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Center for Teaching Excellence

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GTA/IA Grantees’ Teaching Resources Provide New and Innovative Ways of Learning

Each year, the Center for Teaching Excellence(CTE) at USC offers the Teaching Resource Development Grant for graduate teaching and instructional assistants to develop exemplary and highly-engaging student learning experiences. The grant invites GTA/IAs to submit proposals for the development of instructional materials, modules, cross-curriculum assessments, online learning innovations, or other resources that will enhance the quality and depth of undergraduate student learning at the University of South Carolina. The implementation of this grant benefits both GTA/IAs and undergraduate students. Students are introduced to new and innovative ways of learning while grantees have the opportunity to gain experience in curriculum development, a skill that will be greatly utilized in their future careers.

Michelle Hardee, CTE’s Program Manager for graduate teaching assistant training, was heavily involved in the creation of the grant and oversees its implementation. Hardee is responsible for developing the graduate TA/IA training seminars, teaching the GRAD 701 Teaching Assistant Development course, and helping grad students progress through the Preparing Future Faculty Program. When asked what led CTE to decide to offer the grant, her answer was simple.

We’ve been offering grants to faculty for years, but I wanted to give money to TA’s because of how invested they are. I knew they had ideas that could benefit other TA’s, faculty, and students. This grant allows for recognition of their value to the university, hard work, and commitment to finding new and innovative ways of teaching.

Michelle Hardee, Ph.D., Program Manager for Graduate Teaching Assistant Training, Center for Teaching Excellence
Michelle Hardee

Hardee emphasized the sustainability of the resources developed, in that they are intended to be broadly applicable, cross-curricula, and can be implemented in multiple university units to enhance student learning.

Looking back on past year's grantees, the resources developed by two grantees are particularly noteworthy. Michelle Harris, a former doctoral candidate in the department of Geography and member of the Wind-sediment Interactions and Nearshore Dynamics Lab (WINDlab), used the grant opportunity to adapt the final project of an introduction to Geography course to make it an integrative assignment that facilitates experiential learning and embraces inclusivity and multicultural identity. Harris did this by engaging students via “storifying” the course material.

I applied for the grant because I saw there had been a similar previous final project required for students, but I thought it would be more purposeful to develop the project and allow students to have a more experiential learning opportunity for the entirety of the semester. This grant gave me the opportunity to do just that!

Michelle Harris, Ph.D. Candidate, Geography
Michelle Harris

Harris emphasizes that, “These resources allow students to have that creative lens through learning. It takes them outside the normal box of thinking and forces them to apply their problem-solving skills in real world situations.”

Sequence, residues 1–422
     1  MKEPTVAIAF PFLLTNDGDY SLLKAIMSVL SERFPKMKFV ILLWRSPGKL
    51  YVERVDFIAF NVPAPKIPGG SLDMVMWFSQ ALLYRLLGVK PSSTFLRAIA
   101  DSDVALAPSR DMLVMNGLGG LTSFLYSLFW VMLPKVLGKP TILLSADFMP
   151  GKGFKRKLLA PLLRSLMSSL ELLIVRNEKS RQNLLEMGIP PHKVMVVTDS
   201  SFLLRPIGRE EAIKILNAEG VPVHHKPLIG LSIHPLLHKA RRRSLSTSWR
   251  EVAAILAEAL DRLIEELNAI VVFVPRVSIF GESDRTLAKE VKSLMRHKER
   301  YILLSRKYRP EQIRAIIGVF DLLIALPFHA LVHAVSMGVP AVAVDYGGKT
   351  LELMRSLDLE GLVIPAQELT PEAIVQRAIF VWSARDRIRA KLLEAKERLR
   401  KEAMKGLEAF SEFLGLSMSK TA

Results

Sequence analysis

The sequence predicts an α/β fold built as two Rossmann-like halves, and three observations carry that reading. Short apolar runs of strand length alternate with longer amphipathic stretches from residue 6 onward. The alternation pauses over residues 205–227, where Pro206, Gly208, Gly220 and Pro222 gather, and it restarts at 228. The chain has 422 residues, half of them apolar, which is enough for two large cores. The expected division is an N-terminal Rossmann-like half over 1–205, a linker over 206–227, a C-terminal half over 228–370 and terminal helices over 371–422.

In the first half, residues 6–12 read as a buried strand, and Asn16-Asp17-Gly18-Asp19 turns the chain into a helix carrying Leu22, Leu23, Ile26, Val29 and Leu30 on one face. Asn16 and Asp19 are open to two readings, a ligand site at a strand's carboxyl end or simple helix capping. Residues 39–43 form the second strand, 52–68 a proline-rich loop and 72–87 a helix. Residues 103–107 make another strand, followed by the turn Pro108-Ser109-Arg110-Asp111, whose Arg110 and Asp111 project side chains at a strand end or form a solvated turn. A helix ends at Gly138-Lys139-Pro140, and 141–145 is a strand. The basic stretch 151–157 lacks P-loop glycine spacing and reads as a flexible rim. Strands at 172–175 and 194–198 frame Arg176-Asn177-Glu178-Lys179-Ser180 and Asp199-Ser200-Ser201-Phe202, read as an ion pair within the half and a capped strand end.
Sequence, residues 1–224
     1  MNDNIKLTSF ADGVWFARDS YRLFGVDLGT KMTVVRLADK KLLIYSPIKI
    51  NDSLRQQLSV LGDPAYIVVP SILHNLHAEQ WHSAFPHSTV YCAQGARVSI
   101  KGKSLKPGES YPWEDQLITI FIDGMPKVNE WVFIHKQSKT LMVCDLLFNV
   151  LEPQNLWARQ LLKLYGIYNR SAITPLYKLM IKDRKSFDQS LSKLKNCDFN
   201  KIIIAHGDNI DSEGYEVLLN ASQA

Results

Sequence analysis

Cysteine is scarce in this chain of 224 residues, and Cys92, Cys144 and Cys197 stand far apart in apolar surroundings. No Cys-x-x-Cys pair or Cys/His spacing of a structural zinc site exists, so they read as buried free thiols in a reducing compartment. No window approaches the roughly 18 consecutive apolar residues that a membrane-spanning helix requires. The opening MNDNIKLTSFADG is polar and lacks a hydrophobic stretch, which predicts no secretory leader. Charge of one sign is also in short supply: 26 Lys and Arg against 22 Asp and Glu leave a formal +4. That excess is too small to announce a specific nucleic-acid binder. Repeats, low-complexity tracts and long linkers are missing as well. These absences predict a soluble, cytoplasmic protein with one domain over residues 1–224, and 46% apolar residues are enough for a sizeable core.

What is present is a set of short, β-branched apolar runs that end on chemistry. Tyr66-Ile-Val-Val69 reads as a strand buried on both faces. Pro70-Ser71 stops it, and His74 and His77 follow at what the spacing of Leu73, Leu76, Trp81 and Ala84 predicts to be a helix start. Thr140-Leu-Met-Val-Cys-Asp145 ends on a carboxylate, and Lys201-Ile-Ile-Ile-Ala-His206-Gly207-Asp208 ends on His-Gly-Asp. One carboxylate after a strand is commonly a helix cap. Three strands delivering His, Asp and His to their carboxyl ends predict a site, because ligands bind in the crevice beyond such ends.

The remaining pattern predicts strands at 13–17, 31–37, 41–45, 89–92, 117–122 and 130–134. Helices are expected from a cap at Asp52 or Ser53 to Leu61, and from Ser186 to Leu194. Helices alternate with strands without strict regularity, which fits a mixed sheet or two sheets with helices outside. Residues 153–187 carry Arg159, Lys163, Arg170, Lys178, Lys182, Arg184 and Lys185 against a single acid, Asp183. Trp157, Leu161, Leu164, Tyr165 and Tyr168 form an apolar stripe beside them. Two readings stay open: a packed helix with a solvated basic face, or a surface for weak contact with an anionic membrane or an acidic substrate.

When asked about her overall experience in developing the resource, Harris’ feedback was overwhelmingly positive. “I graciously received a lot of help from Michelle Hardee! I thoroughly enjoyed the process; it allowed me the freedom of creativity and how to learn from both positive and negative feedback!” Michelle Harris continues to develop and improve her resources today in a real-world classroom environment.

For her project, Sowmya Raghu, a Ph.D. candidate in the department of Mechanical Engineering, focused on building an instructional module for an Introduction to Engineering course. The module includes comprehensive lesson plans, instructional videos, training handouts, and assessment methodologies all centered around utilizing Makerspace resources for CAD Design, 3D Printing, and mechatronics. 

Part of the reason I decided on my particular project was because I wanted to see more engagement in younger students in their field of study. This module helps them embrace their passion for engineering right from the start.

Sowmya Raghu, Ph.D. Candidate, Mechanical Engineering

When asked about the value of her resource, Raghu stated, "Part of my goal was to build a sustainable curriculum. The module can be adapted by any instructor moving forward and can be included in any type of engineering course. It also allows for easy navigation and teaching for any difficult topic.” Raghu has grown her resource and adapted it for younger students on different learning platforms such as YouTube.

The Teaching Resource Development Grant has provided for the creation of new and integrative forms of undergraduate learning at USC and a way for GTA/IA’s to develop hands-on experience with innovative teaching technologies. As an excellent example of the contributions to teaching and learning that GTAs can make, Michelle Harris and Sowmya Raghu successfully incorporated their learning modules into their identified courses and demonstrated the adaptability and individualized learning opportunities available.

Michelle Hardee concluded by saying, “With the grant’s competitive nature, our hope is that other faculty will see TA’s getting involved and encourage their grad students to think outside the box and apply as well!”

The Center for Teaching Excellence can't wait to see what new ideas arise from this grant opportunity in the future. To apply for the 2024-2025 grant visit Teaching Resource Development Grant for GTA/IAs 2024-2025.

Challenge the conventional. Create the exceptional. No Limits.